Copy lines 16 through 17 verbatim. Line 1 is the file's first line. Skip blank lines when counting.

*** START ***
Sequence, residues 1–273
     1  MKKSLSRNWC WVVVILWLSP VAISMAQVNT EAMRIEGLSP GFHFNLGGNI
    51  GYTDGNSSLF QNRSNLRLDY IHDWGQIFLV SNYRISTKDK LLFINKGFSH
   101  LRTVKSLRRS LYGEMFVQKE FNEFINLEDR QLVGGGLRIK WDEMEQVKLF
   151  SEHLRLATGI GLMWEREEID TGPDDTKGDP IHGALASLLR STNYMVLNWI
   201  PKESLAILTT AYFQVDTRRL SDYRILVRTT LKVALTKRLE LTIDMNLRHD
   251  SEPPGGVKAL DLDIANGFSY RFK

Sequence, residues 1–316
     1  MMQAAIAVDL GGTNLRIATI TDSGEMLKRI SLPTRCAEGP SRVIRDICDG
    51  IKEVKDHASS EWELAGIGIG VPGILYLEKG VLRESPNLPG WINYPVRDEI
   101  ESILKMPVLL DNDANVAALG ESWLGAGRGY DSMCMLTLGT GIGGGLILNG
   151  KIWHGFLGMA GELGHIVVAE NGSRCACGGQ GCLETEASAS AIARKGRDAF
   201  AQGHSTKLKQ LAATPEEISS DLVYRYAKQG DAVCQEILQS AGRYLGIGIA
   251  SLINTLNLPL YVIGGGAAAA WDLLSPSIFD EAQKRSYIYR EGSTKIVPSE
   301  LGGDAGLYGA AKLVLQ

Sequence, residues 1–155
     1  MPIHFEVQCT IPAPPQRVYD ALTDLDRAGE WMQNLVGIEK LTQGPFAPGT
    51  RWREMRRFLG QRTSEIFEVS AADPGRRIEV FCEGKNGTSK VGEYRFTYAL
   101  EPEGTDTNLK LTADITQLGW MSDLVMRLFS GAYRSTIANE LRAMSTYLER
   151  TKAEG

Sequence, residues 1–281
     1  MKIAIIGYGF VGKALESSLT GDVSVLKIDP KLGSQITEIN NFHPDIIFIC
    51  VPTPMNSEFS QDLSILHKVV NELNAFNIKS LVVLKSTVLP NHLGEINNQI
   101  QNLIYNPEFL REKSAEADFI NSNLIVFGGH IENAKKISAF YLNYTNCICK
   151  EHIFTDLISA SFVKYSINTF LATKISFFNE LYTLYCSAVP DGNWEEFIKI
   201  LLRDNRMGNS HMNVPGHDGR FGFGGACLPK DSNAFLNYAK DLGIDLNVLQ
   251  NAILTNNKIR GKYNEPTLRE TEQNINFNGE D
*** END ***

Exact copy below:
Sequence, residues 1–155
     1  MPIHFEVQCT IPAPPQRVYD ALTDLDRAGE WMQNLVGIEK LTQGPFAPGT